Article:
>>> The inferences are based on the stated domains and ranges of the
>> properties.
>>> There are examples of this in the Baker et al article using RDA,
>>> FRBRer and BIBFRAME. There is no conflict with a subject being
>>> inferred as being an instance of more than one class as long as the
>>> classes themselves are not declared as disjoint. (The article explains
>>> this better than I can in an email. ) The documentation for RDA,
>>> BIBFRAME and FRBRer all presents classes as determinants of data
>>> structure. This, to me, is a common error in RDF development. That any
>>> subject can be an instance of more than one class is necessary for the
>>> RDF graph's flexibility, and should be proof that classes do not
>> constraint your data to a single graph structure.
>>>
>>> The declared domains of properties only come into play if inferencing
>>> is applied. A big question, therefore, is whether any inferencing will
>>> be done at all over the data. The utility of, for example, the RDA
>>> classes to me is that it allows you to do simple queries for
>>> categories of triples, e.g. "give me all of the work triples for the
>>> manifestation with this ISBN." Other than that you can ignore the fact
>>> that domains have been declared if they don't serve your needs.
>>>
>>> Your question, however, brings up a much larger question that I
>>> haven't seen discussed anywhere, which is: what kinds of operations do
>>> we expect to perform over library data in RDF? That question really
>>> should be answered before domains and ranges are defined, because that
>>> is the function of those capabilities of RDF.
>>>
>>> kc
>>>
>>>
>>>
>>>
>>>
>>>
>>>
>>>
>>>
>>>
>>>
>>> On 1/5/15 12:52 PM, Joseph Kiegel wrote:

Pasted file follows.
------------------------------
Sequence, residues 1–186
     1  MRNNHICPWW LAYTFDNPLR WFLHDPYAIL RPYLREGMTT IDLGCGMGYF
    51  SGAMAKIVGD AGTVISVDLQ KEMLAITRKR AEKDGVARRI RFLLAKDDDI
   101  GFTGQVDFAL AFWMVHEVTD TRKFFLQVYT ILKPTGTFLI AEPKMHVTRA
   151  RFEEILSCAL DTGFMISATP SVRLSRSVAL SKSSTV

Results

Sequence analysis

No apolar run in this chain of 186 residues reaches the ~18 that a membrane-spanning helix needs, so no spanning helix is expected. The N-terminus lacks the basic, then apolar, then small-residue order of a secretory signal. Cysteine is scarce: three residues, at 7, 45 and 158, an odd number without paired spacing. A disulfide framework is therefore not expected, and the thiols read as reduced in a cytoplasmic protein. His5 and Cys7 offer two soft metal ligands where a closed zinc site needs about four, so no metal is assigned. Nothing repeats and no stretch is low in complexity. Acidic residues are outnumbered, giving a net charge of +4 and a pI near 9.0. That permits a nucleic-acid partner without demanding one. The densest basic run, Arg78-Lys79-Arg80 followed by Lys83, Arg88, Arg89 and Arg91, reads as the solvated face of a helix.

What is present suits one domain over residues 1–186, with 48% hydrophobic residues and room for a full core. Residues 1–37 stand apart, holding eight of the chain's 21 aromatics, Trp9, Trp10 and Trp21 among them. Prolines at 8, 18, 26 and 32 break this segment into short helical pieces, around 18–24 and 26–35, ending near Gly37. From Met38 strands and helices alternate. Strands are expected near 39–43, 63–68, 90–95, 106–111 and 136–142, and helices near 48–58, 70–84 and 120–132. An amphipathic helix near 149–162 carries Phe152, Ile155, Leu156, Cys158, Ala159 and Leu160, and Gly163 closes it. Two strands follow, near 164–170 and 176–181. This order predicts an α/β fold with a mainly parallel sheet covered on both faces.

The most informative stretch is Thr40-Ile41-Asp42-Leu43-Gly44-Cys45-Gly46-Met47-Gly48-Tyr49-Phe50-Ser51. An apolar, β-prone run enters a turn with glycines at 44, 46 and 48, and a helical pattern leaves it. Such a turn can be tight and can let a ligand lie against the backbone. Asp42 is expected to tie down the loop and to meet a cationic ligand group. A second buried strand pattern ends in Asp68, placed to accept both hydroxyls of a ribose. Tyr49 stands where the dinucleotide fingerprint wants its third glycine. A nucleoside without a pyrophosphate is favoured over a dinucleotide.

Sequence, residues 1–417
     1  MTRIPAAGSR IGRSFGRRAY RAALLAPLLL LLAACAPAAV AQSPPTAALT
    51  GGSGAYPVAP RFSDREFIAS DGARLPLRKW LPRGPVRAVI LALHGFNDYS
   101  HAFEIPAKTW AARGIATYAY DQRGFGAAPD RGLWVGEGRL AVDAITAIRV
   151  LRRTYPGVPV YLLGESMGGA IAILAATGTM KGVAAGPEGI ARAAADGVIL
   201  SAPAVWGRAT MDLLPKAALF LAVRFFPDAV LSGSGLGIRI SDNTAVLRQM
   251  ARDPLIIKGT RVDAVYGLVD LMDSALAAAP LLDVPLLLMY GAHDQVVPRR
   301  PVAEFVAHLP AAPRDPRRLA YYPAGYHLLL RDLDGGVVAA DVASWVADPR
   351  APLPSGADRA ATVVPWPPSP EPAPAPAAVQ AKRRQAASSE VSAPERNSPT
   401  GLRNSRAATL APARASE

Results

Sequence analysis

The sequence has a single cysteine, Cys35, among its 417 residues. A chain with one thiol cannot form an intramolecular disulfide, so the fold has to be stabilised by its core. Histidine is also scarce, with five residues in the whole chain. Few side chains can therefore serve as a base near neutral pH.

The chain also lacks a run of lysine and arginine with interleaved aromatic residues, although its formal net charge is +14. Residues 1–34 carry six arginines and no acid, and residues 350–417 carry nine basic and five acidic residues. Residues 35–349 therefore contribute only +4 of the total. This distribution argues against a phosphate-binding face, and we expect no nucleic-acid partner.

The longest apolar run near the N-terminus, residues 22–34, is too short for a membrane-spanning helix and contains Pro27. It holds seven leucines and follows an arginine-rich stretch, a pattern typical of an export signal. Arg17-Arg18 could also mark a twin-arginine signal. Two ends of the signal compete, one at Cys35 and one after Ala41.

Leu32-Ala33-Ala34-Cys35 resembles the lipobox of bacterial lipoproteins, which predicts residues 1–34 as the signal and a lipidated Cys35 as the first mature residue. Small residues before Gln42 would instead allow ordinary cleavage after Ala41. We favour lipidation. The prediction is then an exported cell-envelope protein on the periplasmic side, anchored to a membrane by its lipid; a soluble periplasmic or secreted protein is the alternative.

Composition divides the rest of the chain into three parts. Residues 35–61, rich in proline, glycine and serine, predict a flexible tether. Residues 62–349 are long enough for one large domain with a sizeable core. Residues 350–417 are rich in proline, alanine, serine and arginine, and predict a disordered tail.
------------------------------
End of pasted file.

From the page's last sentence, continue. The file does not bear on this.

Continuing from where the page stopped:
>>>> A comparison of BIBFRAME and RDA in RDF (referred to below as RDA),
>>>> in an attempt to map RDA to BIBFRAME, raised the issue of constrained
>>>> vs unconstrained schemas.
>>>>
>>>> The full set of RDA properties is constrained by the RDA classes of
>>>> Agent, Work, Expression, Manifestation and Item.  That is, each
>>>> property is related to a specific class when appropriate: e.g.
>>>> abridgementOfExpression and abridgementOfWork.  A parallel set of
>>>> properties has been created where the constraints of class are lifted:
>>>> e.g. abridgementOf.  This unconstrained version of RDA loses the
>>>> context of some properties but is intended to facilitate mapping to
>>>> schemas that do not use the FRBR model underlying RDA.
>>>>
>>>> BIBFRAME is a constrained schema, but constrained by different 
>>>> classes:
>>>> Agent, Work, and Instance.  There is no unconstrained version of
>>>> BIBFRAME.
>>>>
>>>> A mapping of RDA to BIBFRAME presents choices and challenges.
>>>>
>>>> Is it better to use constrained RDA, which causes explicit conflicts
>>>> of
>>>> domain:  e.g. mapping rdam:reproductionOfManifestation to
>>>> bf:reproduction and rdai:reproductionOfItem to bf:reproduction?
>>>>
>>>> Or is it better to use unconstrained RDA, which still has conflicts
>>>> (an unconstrained domain vs a constrained one in BIBFRAME): e.g.
>>>> mapping rdau:reproductionOf to bf:reproduction?
>>>>
>>>> It is not obvious which is the better choice.  Although perhaps we
>>>> need both mappings, each with its own problems regarding original and
>>>> destination domains.
>>>>
>>>> A corollary of the question is that any roundtrip RDA -> BF -> RDA is
>>>> lossy. If constrained RDA is used as a starting point, RDA classes
>>>> are lost in the mapping itself, and if unconstrained RDA is used,
>>>> classes are lost prior to mapping. Either way, RDA classes cannot be
>>>> recovered in a BF -> constrained RDA mapping.
>>>>
>>>
>>> -- 
>>> Karen Coyle
>>> [log in to unmask] http://kcoyle.net
>>> m: +1-510-435-8234
>>> skype: kcoylenet/+1-510-984-3600
>>>
>>

-- 
Karen Coyle
[log in to unmask] http://kcoyle.net
m: +1-510-435-8234
skype: kcoylenet/+1-510-984-3600